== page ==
Deacy, C.R. and Ortiz, G. (2007) Theology and Film: Challenging the Sacred/Secular Divide. Blackwell, Oxford, 245 pp. ISBN ISBN 1-405-144-378 (hardback), 1-4051-4438-4 (paperback).
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This book has two main areas of focus: first, how it is possible to develop theological perspectives on film without sacrificing theological integrity; secondly, how film appreciation enriches theological inquiry and assists in the understanding of and dialogue between contemporary culture and theology. This book in many ways is a ‘sequel’ to Marsh and Ortiz’s Explorations in Theology and Film (Blackwell 1997). That text was concerned with popular film and how it lends itself to exploring theological themes; it is a book designed to stimulate awareness of methodological and theoretical issues and to aid discussion about certain films. It aimed to demonstrate how, in the context of theology and culture, film is a necessary and vital element. Explorations was reprinted for a second edition, and has been a solid performer for the Blackwell theology market. But whereas that book had two co-editors and featured seventeen authors from three continents, this book has two authors writing the entire book. Theology and Film • Continues the academic dialogue between film and theology in a positive (even enthusiastic!) but critical manner; • Places the theology/film encounter firmly within the contemporary world of theological and cultural concerns, such as justice, violence, war and peace, feminism, the environment and eschatology; • Suggests ways of ‘doing’ theology through film which feed into pedagogical approaches for higher education. The text is structured so that there are two clear sections: the first is a more theory-centered reflection upon grounding ideas that come from theology, religious studies and film studies. This methodological framework prepares the groundwork for the second section, which is the major part of the book. Applying many of the insights raised in the preceding chapters, a range of themes are discussed, using films and genres that are helpful in initiating a theological encounter with contemporary cultural concerns.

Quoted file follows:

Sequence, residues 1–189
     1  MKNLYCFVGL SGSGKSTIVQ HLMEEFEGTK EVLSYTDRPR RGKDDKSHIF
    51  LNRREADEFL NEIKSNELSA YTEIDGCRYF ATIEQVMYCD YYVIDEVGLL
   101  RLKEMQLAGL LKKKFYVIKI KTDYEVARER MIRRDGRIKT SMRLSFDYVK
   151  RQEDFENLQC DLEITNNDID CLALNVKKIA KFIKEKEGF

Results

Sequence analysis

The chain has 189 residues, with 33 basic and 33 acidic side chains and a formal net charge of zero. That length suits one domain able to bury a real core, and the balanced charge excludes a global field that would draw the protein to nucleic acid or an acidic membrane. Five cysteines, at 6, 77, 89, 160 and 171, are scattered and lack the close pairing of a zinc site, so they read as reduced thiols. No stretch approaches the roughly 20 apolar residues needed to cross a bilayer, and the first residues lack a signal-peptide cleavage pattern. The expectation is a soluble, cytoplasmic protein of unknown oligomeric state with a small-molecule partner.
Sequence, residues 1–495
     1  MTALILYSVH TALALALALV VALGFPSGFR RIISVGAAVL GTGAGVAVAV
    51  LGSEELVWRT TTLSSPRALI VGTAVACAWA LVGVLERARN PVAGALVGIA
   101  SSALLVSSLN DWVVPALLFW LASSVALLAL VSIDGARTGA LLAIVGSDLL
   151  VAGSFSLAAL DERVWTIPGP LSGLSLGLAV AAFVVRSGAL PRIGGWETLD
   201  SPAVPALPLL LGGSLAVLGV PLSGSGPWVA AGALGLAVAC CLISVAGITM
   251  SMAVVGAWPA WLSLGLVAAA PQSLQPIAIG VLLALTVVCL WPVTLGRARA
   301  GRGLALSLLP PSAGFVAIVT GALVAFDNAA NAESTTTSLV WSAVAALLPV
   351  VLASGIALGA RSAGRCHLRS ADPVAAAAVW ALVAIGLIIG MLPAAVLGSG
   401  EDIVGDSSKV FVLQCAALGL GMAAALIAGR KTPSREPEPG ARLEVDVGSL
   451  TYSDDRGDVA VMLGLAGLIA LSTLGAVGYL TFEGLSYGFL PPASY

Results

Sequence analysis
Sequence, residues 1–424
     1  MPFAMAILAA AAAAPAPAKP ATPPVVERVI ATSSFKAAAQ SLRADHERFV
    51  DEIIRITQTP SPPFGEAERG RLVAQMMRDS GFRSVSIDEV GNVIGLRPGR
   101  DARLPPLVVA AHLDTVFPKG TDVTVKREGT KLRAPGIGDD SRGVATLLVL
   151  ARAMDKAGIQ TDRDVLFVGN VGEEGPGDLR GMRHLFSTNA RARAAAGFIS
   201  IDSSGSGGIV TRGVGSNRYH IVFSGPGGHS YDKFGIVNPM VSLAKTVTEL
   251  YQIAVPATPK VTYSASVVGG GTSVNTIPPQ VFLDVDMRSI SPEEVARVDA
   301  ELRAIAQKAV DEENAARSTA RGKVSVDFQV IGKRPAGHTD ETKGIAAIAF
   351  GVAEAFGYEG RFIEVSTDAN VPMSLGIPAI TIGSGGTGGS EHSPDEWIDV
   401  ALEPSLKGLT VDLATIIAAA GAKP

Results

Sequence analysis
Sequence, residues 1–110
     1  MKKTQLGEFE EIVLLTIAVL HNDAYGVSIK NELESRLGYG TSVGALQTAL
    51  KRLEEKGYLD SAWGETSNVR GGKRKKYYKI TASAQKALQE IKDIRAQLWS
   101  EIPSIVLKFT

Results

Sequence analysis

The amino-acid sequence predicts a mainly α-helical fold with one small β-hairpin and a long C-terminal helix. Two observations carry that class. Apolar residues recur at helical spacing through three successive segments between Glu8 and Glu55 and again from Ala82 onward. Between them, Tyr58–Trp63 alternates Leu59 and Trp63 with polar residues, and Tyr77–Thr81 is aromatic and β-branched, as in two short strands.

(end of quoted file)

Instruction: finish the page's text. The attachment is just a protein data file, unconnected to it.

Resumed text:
|Subjects:||B Philosophy. Psychology. Religion > BR Christianity
B Philosophy. Psychology. Religion
|Divisions:||Faculties > Humanities > School of European Culture and Languages|
|Depositing User:||Chris Deacy|
|Date Deposited:||02 May 2008 08:46|
|Last Modified:||14 Jan 2010 14:10|
|Resource URI:||http://kar.kent.ac.uk/id/eprint/3072 (The current URI for this page, for reference purposes)|
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